The Image Award is awarded to a female director or DOP for a recent short work that shows excellence in overall production value or a unique, visionary approach to the cinematography or storytelling.
Michelle Brezinski’s courageous film Madness is a testament to the filmmaker’s own healing from PTSD, aimed at bringing hope to other sufferers of this crippling condition. Brezinski’s collaboration with Director Shannon Kohli has been recognized internationally for the excellence in production that brings this emotional story to the screen with period sets and design well beyond the resources available to the filmmakers. Michelle has gifted us with a very personal film that overcomes many challenges, launching her forward toward a promising and inspiring career as a bold and brave storyteller.
Award winning filmmaker Michelle Brezinski has been in the industry for well over 20 years. She started her career as an actress, appearing in many commercials, films, and television shows, and then took the leap into filmmaking in 2013. Not only did she write, produce, and act in most of her projects, but she also took on the role as a collaborative director in order to fully realize her storytelling vision.
The Leadership in Education Award recognizes Vision And Excellence in the Teaching of Screen Based Media and for creating opportunities for and providing mentorship to women students.
Ingrid Torrance has transformed her vast experience and talents as an accomplished actor, director and producer into a supportive force for Vancouver’s aspiring talent helping countless actors to excel to new levels. After publishing “Act! A Step by Step Guide to Starting Your Acting Career,” she then assembled even more insight from international film talent into several DVD series that are now distributed around the world. Her devotion to helping others achieve their best, and her keen entrepreneurial spirit has set her apart as a shining jewel of education within the film community.
Ingrid Torrance was born to Icelandic and Scottish parents and was raised in North Vancouver; actor, teacher, coach, producer, director and author has appeared in numerous movies and television series since 1994. She has also been an acting teacher since 1995 and an on set and off set coach since 1998. Ingrid has worked on such shows as Once Upon A Time, The Killing, Fringe, The Good Wife and Blade: The Series. She has appeared in such films as Double Jeopardy, Act of War, Scooby Doo 2: Monsters Unleashed, The Auburn Hills Breakdown, and Driven to Kill, Ingrid has been nominated for a Leo Award as Best Actress and was featured in Entertainment Weekly as a “Breakout” Actress. Ingrid has guest taught at Trinity Western University and BCIT’s Director’s Program. She has been teaching under Studio on the Drive since 2003 and before that at Second Avenue Studios. On set coaching includes shows such as Life Unexpected, The 4400, Christmas in Canaan, Fear Itself, Interns, Eleventh Victim, and Paparazzi Princess, coaching Stacy Keibler, Rafi Gavron, Shaun Sipos and Karina Lombard.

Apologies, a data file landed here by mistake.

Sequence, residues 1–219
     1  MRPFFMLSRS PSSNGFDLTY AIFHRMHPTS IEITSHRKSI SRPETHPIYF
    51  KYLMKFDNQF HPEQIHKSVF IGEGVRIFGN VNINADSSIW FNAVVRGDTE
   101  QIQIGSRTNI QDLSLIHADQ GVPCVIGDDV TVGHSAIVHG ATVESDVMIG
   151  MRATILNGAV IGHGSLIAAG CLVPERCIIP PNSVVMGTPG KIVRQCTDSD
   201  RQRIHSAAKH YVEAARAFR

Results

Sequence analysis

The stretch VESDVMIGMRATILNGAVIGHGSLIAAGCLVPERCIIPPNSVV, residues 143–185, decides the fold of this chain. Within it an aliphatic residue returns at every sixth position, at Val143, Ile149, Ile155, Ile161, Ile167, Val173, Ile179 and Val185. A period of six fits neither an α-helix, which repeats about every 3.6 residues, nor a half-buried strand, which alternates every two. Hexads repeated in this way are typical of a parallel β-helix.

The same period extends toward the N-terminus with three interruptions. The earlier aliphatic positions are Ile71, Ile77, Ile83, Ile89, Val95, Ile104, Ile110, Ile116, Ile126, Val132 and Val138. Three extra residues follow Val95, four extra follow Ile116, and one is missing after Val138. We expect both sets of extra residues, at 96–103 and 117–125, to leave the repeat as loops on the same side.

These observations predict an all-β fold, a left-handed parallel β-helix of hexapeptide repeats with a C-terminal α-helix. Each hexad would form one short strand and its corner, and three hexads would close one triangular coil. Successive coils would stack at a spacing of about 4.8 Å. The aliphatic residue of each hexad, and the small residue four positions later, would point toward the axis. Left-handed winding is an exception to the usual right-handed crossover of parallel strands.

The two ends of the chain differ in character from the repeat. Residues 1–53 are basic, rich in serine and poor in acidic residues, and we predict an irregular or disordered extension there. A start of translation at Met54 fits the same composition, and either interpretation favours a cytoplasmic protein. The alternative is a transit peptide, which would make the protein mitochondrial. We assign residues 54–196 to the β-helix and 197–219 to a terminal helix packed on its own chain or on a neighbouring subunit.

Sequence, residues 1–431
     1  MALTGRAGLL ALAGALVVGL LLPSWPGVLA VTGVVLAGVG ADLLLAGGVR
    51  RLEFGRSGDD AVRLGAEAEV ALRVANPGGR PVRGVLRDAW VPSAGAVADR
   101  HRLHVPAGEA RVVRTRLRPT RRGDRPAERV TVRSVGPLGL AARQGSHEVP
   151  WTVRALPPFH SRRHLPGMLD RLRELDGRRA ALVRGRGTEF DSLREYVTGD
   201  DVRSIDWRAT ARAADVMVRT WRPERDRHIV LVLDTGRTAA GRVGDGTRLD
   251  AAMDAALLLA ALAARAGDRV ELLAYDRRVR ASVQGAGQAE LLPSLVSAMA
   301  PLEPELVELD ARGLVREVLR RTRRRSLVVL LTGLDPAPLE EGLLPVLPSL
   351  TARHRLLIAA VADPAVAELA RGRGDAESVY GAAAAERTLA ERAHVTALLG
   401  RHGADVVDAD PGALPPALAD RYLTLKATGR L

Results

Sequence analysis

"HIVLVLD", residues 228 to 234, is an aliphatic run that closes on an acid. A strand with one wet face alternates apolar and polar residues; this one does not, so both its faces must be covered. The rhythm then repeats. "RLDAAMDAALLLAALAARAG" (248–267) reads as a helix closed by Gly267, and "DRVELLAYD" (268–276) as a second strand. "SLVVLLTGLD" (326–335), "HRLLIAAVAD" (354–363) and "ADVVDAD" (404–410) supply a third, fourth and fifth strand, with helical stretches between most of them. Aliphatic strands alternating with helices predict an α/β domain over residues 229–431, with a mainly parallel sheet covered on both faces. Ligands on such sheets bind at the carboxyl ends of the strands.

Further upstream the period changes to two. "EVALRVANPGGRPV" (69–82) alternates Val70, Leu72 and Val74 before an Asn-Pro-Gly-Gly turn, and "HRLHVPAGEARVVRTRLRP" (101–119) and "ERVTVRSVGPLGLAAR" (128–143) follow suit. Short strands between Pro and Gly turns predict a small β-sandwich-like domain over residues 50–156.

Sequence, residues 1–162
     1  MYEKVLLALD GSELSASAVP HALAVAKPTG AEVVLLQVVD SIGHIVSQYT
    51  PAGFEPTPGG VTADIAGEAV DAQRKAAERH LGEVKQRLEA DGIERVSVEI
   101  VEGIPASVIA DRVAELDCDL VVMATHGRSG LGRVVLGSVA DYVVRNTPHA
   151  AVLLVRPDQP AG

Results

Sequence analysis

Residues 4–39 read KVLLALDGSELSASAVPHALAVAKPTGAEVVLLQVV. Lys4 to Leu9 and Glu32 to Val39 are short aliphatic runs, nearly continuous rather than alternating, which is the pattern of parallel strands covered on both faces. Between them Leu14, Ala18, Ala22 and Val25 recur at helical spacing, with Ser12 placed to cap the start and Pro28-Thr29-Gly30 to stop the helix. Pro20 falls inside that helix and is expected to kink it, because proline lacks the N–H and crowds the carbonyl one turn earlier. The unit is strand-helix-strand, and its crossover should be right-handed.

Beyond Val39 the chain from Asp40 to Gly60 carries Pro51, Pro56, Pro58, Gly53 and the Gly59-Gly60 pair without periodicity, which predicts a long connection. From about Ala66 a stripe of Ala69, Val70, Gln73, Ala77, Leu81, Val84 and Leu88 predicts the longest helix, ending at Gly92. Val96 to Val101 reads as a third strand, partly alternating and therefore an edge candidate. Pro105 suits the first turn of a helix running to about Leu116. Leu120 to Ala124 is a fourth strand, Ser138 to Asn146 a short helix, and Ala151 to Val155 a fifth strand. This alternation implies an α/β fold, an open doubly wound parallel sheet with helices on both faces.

WOMEN IN VIEW (WIV), represented by Rina Fraticelli
This award honours a person or organization that has made a major contribution to promote gender equality in film, television or screen based media.
SJIWFF and WIV are responsible for creating and hosting the St. John’s Summit on Women in Media in 2014, which was focused on promoting gender equity in Canada's film and television industry. This was an historic summit, the first of its kind ever held in the country, and was attended by fourteen leaders of women’s media organizations and unions, representing over 40,000 professional members of Canada’s film and television industry. These leaders released seven recommendations calling for major changes in government policy to end the current situation where women are underrepresented in leadership roles both on screen as performers and behind the scenes as producers, writers, directors, cinematographers and editors and where women-led film and television projects receive only a fraction of the substantial government funding available in Canada for media production.